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Wiring functioning prior to fusing?

  1. Dec 28, 2015 #1
    I have a wire of a certain volume, the fuse current is rated at 82A(18AWG wire), can the wire still function normally at 70-75A continuously? I understand that at 82A the wire will melt, but can it still function normally at 75A? The resistance of the wire is about 0.042 ohms, just wanted to see if it can handle that amount of current, would the insulator melt?

    Maybe provided with reasonable cooling or heat transfer system, we could make it beyond 82A maybe to 100A+?
     
  2. jcsd
  3. Dec 28, 2015 #2

    berkeman

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    What's the application? Can you provide a lot more information about this?
     
  4. Dec 28, 2015 #3

    anorlunda

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    Whoa, my chart says that 18AWG wire is rated for 7 amps, not 75. To get 75 A, you need 4AWG or better.

    The conditions for ampacity of a given guage are:
     
  5. Dec 28, 2015 #4

    jim hardy

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    @ Mr Phi
    Have you used a vacuum sweeper at home? MIne says it's 10 amps and the cord is 18 AWG and the cord gets warm to the touch when i vacuum the floor.
    10 amps is the rating for #18 portable cord with 90 degC insulation, type SJOOW
    http://www.awcwire.com/productspec.aspx?id=portable-cord-sjoow-cable
    and the vacuum cleaner factory uses the smallest they can get away with .
    Depending on price of copper, #18 90degC might be cheaper than #16 60degC .


    What would be the temperature rise at 75 amps ?
    (75/10)2 X whatever is temperature rise at 10 amps?
    Precise measurements by UnScientificWildA**Guess method indicate a modest 5degF rise at 10 amps,
    so at 75 amps i'd expect a (75/10)2 X 5 = 187.5 degF rise.
    And that'd raise the resistance of the copper by 0.004 per degC ,
    and 187.5/1.8 X .004 = 75% more ohms,
    further increasing power dissipated in the cord hence raising its temperature even more.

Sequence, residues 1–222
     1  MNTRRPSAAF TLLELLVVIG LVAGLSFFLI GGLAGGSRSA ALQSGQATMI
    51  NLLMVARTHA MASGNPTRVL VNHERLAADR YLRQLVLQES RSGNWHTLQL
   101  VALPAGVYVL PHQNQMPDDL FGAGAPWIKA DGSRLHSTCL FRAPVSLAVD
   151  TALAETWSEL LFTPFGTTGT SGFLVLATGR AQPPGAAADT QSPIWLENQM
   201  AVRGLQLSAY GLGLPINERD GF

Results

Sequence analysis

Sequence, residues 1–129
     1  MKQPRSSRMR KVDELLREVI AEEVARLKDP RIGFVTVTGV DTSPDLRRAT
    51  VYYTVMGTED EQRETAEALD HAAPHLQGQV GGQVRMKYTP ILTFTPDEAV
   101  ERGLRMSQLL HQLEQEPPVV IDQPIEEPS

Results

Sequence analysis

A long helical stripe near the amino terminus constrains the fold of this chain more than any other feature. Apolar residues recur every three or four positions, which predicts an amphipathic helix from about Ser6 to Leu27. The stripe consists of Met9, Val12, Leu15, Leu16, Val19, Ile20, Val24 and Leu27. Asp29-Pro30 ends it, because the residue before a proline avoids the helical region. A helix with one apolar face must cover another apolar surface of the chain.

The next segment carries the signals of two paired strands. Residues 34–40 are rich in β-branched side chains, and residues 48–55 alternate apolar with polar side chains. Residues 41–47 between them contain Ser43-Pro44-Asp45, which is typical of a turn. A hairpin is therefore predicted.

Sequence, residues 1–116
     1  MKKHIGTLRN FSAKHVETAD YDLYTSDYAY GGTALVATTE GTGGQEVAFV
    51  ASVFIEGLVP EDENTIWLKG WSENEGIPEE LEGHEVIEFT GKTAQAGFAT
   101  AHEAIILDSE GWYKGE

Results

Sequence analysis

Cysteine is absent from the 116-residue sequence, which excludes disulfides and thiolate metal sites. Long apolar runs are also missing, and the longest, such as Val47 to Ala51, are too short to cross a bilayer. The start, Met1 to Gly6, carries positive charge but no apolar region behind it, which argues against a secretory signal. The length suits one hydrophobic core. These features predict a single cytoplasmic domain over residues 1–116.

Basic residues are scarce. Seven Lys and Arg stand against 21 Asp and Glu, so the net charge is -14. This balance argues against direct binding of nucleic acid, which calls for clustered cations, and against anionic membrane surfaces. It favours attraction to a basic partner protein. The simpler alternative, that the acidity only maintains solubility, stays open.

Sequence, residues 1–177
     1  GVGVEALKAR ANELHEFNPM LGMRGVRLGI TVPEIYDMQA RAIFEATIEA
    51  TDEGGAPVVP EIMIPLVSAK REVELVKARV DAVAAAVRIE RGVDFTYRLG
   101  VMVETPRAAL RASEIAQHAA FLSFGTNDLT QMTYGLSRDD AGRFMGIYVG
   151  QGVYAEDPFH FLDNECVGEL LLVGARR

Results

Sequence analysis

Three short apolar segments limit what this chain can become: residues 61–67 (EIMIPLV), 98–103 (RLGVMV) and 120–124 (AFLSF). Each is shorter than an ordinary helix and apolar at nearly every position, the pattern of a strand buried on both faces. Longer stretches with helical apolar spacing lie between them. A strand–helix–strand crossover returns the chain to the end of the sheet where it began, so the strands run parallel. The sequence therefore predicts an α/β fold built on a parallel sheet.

That's Thermal Runaway, where the positive feedback takes over, and it's how fuses work.

    Probably your 80 amp melt current for #18 is for bare wire in air , not insulated and not in conduit. Did they give a time?

    Tap into your everyday experiences when contemplating such musings. Learning is mostly discovering what you already know.

    old jim
     
    Last edited: Dec 28, 2015
  6. Dec 28, 2015 #5

    anorlunda

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    You mean melting point for solid wire bare in air. Cheap stranded house wire is not braided or twisted, short strands are just laid into a channel of the insulator. So the wire fails at the insulator's melt temperature, not the metal's melt temperature. Buy an extension cord in the dollar store, then cut open the wire to see what I mean. It is shocking (no pun) to see how little metal they put in those cords, and if they show an AWG rating on the label, I doubt if it is accurate.
     
  7. Dec 28, 2015 #6

    jim hardy

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    You mean they're not even continuous from end to end ? That's scary.
     
  8. Dec 28, 2015 #7

    berkeman

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    Agreed, that is scary. I haven't seen that myself, but I don't take apart inexpensive cords or wire. Yikes.
     
  9. Dec 28, 2015 #8

    dlgoff

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    Worse yet is the termination in the molded wall plug. Talk about getting warm.
     
  10. Dec 28, 2015 #9

    berkeman

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    Yeah, no wall socket will support that current. Thread closed.

    @PhiowPhi -- PM me the answers to my questions, and I'll re-open the thread...
     
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